Though the pilot project has ended, the site is still being used by Magellan and for the company's health plan customers who buy it under a private label to brand the site how they want. Gondek says she is seeing a lot of interest from Blue Cross Blue Shield plans and others who are interested in the site's potential for bridging care gaps and for chronic conditions.
"We've started to talk to employers, ACO partners with which our healthplans are collaborating, that are looking for ways to give the medical practitioners something in their toolbox that has some behavioral components to it for those individuals who do not want to see behavioral practitioners or specialists. We have interest in the west and southeast," she says.
The way it works is patients sign in with their usernames (it can be whatever the patients choose) and then check in with an emoticon to indicate how they're feeling. There are 28 different emotions a user can choose from, ranging from happy to in pain. The small icons are also color coded red, yellow, or green. The color is important and can serve as an SOS signal of sorts. For example, if a user checks in as being "in pain," which is red, then everyone in that user's support group—the Facebook equivalent of friends—is notified and they can jump to offer support. Friends can then comment, and also hit the equivalent of a "like" button, except the statements are empathic, ranging from, "I relate," to "I feel like that too" (sic).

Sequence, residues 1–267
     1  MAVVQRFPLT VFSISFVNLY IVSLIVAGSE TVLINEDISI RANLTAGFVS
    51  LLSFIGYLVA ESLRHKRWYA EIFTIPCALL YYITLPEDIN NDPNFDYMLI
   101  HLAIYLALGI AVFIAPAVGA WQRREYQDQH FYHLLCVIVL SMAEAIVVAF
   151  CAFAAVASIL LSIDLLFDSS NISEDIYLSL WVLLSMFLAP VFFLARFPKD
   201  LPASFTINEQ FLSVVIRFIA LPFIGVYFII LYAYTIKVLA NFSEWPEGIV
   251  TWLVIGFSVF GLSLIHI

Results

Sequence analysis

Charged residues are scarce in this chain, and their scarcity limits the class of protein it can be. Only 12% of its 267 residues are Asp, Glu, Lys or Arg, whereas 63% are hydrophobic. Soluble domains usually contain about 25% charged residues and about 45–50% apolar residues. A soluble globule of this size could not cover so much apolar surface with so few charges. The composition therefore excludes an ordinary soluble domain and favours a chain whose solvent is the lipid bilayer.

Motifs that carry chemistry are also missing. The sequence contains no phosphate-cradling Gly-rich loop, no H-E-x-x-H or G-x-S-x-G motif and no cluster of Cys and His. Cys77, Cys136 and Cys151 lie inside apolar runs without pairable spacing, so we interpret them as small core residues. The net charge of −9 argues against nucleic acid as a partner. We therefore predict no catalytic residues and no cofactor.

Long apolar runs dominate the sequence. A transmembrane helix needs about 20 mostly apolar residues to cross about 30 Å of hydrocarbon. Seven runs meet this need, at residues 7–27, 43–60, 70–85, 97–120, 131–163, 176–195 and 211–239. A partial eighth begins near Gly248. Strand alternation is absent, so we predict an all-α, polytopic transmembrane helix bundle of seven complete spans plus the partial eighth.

Patients can also choose which groups pertain to them, such as depression or alcoholism, and they'll be connected with other patients in a social media forum that offers what traditional support groups do not—anonymity. There are also real meetings online as well as webinars with doctors or other medical experts, explains Gondek.